I have a high tolerance threshold for organ meats of all kinds. I love sweet breads, liver, and, although I haven’t eaten since I was a child, I have fond memories of eating lamb brains. I don’t think they sell them anymore, ever since the mad cow disease epidemic, but I can still taste their nutty sweetness melting on my tongue.
As soon as I heard that Chris Dillman was giving a demonstration class at the Hills Market where he would be cooking many pig extremities, I signed right up and began counting the days. I heard that a pig’s head and a pig’s foot would be involved, and I was ready. Chris is a master sommelier in training and works at Sage Restaurant in Columbus. He is also the husband of Lisa Dillman, the author of Columbus’ beloved Restaurant Widow blog, who recently received an accolade from Anthony Bourdain for her knowledge of the restaurant scene. The two know so much about food, and are such a lovely, unassuming couple, the type of people I would love to sit at dinner with under a Tuscan sky late into the night.
He demonstrated how to make a pate from the pig’s head, how to stuff a pig’s foot, how to braise pig’s cheeks, and how to candy bacon to serve for dessert. Everything was absolutely delicious.
The Pate Tete de Cochon was rich and tender and well paired with a light salad. It tasted more like rillettes than pate, and I could have licked my fingers. I don’t think that I’m brave enough at this stage of the game to handle a pig’s head at home however, but perhaps with a glass of wine I may find the liquid courage to reproduce it.
The Pied de Cochon Farci (stuffed pig’s foot) tasted just like a sausage with a tough casing. It was good, but not as memorable as the pate. My most significant takeaway from this part of the demo was caul fat. Chris held up a footlong section of caul fat, strangely beautiful like an elaborate lacework. He then wrapped it around the pig’s foot before sauteeing it. The caul fat melted away, coating the trotter in a delicious flavorful coating. Chris suggested wrapping the caul fat around a steak for a delicious addition. It’s tough to find, especially in small quantities, but you can beg your local butcher for it or order it in 5 pound lots at Heritage Foods.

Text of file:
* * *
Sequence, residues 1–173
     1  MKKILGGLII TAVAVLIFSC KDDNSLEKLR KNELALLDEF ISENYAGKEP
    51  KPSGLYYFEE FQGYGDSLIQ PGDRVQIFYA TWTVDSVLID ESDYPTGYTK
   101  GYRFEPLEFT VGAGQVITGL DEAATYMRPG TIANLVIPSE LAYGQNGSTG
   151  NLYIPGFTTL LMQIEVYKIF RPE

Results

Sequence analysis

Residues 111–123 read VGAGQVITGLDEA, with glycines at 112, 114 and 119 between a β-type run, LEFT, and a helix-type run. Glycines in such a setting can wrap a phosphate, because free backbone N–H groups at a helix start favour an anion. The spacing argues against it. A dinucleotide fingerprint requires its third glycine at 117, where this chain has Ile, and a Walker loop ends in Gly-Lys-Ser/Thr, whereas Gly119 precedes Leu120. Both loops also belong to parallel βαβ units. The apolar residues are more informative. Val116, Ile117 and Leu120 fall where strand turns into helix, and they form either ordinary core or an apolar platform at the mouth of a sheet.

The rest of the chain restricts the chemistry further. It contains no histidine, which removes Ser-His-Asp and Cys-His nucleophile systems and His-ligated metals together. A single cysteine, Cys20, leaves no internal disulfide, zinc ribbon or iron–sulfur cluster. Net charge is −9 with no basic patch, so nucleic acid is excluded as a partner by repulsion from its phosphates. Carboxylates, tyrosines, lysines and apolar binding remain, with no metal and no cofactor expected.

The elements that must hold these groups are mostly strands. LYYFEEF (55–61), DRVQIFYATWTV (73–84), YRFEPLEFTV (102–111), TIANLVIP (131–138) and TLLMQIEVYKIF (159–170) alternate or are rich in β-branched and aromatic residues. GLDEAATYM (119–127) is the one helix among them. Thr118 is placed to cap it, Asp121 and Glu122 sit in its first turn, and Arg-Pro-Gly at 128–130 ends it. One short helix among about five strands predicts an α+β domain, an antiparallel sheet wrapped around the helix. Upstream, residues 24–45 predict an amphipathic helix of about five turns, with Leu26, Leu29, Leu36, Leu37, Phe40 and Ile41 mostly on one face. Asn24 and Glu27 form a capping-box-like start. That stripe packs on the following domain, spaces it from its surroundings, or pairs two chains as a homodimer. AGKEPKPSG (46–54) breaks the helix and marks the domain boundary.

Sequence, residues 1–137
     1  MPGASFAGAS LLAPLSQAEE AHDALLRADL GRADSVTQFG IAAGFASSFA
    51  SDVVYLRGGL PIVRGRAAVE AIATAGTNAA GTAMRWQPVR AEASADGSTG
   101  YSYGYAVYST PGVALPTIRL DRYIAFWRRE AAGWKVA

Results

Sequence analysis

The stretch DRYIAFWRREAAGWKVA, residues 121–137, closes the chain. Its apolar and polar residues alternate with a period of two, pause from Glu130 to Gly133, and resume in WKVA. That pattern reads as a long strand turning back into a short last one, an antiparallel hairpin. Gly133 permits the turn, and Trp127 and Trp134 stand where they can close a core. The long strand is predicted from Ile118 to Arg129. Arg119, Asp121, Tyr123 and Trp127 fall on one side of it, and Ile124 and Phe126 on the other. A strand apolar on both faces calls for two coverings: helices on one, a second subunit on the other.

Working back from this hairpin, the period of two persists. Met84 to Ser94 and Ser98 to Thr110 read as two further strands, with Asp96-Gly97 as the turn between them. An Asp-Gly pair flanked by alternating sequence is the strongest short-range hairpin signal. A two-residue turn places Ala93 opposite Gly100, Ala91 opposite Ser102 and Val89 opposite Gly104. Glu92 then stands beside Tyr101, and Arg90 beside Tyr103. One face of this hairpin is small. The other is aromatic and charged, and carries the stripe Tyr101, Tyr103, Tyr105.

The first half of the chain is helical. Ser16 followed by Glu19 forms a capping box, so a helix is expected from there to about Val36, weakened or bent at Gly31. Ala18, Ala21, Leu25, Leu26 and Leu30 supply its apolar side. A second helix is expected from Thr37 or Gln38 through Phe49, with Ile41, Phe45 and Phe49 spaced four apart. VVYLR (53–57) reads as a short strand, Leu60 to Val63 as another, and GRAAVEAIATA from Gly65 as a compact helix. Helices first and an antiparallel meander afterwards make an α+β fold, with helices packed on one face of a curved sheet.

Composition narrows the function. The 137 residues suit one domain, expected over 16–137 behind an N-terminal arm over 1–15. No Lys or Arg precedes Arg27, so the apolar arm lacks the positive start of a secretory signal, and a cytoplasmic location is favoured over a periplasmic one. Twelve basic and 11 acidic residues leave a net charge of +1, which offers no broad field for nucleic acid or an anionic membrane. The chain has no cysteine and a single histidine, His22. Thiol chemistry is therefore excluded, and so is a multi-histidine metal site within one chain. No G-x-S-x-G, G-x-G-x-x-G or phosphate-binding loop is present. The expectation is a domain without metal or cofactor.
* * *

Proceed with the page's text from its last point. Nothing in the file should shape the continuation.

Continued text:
The pig’s cheeks is what I walked away really excited about. Chris passed one around so we could feel the elasticity and tenderness of the meat. It took a lot of restraint to not bite into it right then and there. This is a meat that I long to experiment with and have less courage to muster to do it. I can’t wait to see the look on my Whole Foods butcher’s face when I request it during my next shopping.
For dessert, we had Jeni’s salty caramel ice cream with candied bacon bits. It was out of this world… truly the perfect pairing. I will include the recipe for candied bacon below. This would be a knock their socks off dessert for any dinner party you’re having and would go well with Dulce de Leche Haagen Daz if you don’t happen to have Jeni’s ice cream in town.
- Cook bacon in batches in a 12-inch heavy skillet over moderate heat, turning over once, until the bacon is slightly browned on edges but still flexible, 5 to 6 minutes total per batch. Transfer bacon as cooked to paper towels to drain.
- Pour off fat from skillet and arrange bacon in skillet in one layer. Sprinkle sugar and pepper over bacon and cook over low heat, turning occasionally with tongs, until sugar is dissolved, caramelized, 8 to 10 minutes. Serve over ice cream. (Or perhaps in oatmeal with big blueberries?)